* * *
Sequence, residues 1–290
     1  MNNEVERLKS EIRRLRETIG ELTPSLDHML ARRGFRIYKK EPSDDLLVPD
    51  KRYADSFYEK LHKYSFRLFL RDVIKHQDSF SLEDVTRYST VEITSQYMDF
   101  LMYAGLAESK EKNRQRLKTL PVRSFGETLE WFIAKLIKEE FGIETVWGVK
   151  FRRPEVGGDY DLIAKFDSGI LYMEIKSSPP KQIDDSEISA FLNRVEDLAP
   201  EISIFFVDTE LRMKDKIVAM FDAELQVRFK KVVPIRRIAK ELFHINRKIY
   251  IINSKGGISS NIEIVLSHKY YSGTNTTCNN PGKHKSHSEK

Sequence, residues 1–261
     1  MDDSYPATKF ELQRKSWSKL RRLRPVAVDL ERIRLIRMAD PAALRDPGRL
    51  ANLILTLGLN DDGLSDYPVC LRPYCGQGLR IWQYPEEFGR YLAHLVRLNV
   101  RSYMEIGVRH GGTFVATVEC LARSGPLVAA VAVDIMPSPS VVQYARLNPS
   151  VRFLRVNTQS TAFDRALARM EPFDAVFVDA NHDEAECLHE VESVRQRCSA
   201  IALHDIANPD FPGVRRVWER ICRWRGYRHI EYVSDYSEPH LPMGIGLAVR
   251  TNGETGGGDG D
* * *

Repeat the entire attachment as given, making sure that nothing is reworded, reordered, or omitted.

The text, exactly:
Sequence, residues 1–290
     1  MNNEVERLKS EIRRLRETIG ELTPSLDHML ARRGFRIYKK EPSDDLLVPD
    51  KRYADSFYEK LHKYSFRLFL RDVIKHQDSF SLEDVTRYST VEITSQYMDF
   101  LMYAGLAESK EKNRQRLKTL PVRSFGETLE WFIAKLIKEE FGIETVWGVK
   151  FRRPEVGGDY DLIAKFDSGI LYMEIKSSPP KQIDDSEISA FLNRVEDLAP
   201  EISIFFVDTE LRMKDKIVAM FDAELQVRFK KVVPIRRIAK ELFHINRKIY
   251  IINSKGGISS NIEIVLSHKY YSGTNTTCNN PGKHKSHSEK

Sequence, residues 1–261
     1  MDDSYPATKF ELQRKSWSKL RRLRPVAVDL ERIRLIRMAD PAALRDPGRL
    51  ANLILTLGLN DDGLSDYPVC LRPYCGQGLR IWQYPEEFGR YLAHLVRLNV
   101  RSYMEIGVRH GGTFVATVEC LARSGPLVAA VAVDIMPSPS VVQYARLNPS
   151  VRFLRVNTQS TAFDRALARM EPFDAVFVDA NHDEAECLHE VESVRQRCSA
   201  IALHDIANPD FPGVRRVWER ICRWRGYRHI EYVSDYSEPH LPMGIGLAVR
   251  TNGETGGGDG D